Further to this the act also places a firm threshold on the amount a landlord is able to request from their tenants to serve as the tenancy, or security deposit.  Whilst across recent years this could have been as high as a few months’ rent, especially in city centre locations, the tenant fees act prohibits landlords from requesting such amounts. The amount a landlord is able to take from aspiring renters for the security deposit is dictated by the amount they will charge their tenants for use of the property each year. If the annual rental charge for the accommodation is up to or bellow £50,000, the owner of the rental is only able to request a maximum of five weeks rent from the tenants; however, if the amount the tenants pay in rent each year is over this amount the landlord is able to ask for as much as the equivalent cost of six weeks rent for this deposit.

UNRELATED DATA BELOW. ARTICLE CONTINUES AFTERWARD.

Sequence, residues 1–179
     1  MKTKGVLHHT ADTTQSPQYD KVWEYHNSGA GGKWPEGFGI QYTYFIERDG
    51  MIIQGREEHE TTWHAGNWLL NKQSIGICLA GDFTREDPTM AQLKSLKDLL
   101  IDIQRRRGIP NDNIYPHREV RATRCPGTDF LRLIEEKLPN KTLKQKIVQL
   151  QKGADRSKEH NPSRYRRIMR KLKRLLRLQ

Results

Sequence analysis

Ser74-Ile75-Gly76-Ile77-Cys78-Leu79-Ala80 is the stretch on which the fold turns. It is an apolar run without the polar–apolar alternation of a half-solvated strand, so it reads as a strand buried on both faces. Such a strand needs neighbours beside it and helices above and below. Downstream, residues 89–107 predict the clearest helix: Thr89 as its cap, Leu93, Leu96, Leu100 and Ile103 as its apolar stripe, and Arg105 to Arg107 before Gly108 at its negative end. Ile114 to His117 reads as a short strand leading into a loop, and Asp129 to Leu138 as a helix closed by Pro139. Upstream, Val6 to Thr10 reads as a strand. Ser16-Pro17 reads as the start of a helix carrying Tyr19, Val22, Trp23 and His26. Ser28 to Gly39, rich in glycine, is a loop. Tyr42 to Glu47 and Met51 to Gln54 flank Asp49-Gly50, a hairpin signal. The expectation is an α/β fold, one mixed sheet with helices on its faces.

If the landlord or letting agent neglects to adhere to these financial thresholds and illegally charges the tenant for fees and costs they should not incur, the owner of the rental property could not only face legal action, but fines of up to £5000. However, if after this first offence they continue to neglect their proper conduct as a landlord and consistently prove their will to unjustly charge tenants, they will not only face a substantially greater fine of up to £30,000, but also be landed with a criminal record for their disregard.